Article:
Lower gas prices unlikely to directly boost holiday spending: Survey

Savings at the pump are unlikely to be turned into gifts beneath the tree, according to CNBC's latest All-America Economic Survey.

The survey found 79 percent of Americans have seen lower prices at the pump in their area relative to last year. But only 8 percent plan to turn that windfall into increased spending.

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Meanwhile, 13 percent in the poll say they will save more, the No. 1 response, and 12 percent will pay down debt with the cash saved on gas.

A gas station attendant fills a customer's vehicle in Turnersville, New Jersey December 4, 2014.
Tom Mihalek | Reuters
A gas station attendant fills a customer's vehicle in Turnersville, New Jersey December 4, 2014.

Many economists have pointed to plunging gas prices as a catalyst for increased holiday spending, and that may yet come to pass. But only 8 percent of shoppers who are spending more on holiday gifts this year cite lower gas prices as the reason, compared with a third who say they are spending more because their incomes are higher.

Read MoreEnergy falling=consumers saving (and spending)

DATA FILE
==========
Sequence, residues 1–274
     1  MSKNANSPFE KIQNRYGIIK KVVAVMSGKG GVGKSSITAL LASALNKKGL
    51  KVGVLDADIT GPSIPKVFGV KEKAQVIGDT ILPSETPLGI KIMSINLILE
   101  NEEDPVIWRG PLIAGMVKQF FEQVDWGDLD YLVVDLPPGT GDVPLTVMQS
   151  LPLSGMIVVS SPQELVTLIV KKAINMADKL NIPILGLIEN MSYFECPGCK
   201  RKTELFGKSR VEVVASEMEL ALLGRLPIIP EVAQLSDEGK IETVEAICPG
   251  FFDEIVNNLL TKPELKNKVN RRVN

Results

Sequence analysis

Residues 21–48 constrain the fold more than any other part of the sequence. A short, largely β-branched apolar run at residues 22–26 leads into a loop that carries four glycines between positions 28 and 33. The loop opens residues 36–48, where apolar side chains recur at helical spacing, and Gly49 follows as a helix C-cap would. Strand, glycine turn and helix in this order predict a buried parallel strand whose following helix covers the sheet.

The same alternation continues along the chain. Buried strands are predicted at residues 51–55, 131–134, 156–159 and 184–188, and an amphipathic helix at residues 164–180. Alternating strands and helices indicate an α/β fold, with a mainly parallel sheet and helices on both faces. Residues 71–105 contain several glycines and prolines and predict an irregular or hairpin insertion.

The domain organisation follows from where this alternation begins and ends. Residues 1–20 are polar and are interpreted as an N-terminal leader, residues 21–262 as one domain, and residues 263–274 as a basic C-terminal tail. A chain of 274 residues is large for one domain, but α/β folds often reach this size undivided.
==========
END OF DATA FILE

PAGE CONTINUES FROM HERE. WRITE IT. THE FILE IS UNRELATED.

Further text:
Younger Americans are most likely to save the extra money, with 23 percent of 18- to 34-year-olds putting more money into their savings and 11 percent paying down more debt.

The survey found retirees and seniors are least likely to change their behavior due to lower gas prices. Only 2 percent of respondents in the 65 and older age group plan to spend more because of money saved on gas.

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Americans' outlook for energy prices have been buoyed by the GOP's takeover of the Senate in the November election. Thirty-three percent are more optimistic about the cost of gas, electricity and other energy with Republicans in control of both houses; 25 percent are less optimistic and 32 percent said it did not affect their opinion. Not surprisingly, Republicans were overall more optimistic on the cost of gas,electricity and other energy by 46 percent while Democrats were overall less optimistic by 23 percent under a GOP-controlled Congress.

CNBC's All-America Economic Survey of 803 respondents was conducted Nov. 29 through Dec. 2. It has a margin of error of 3.5 percentage points.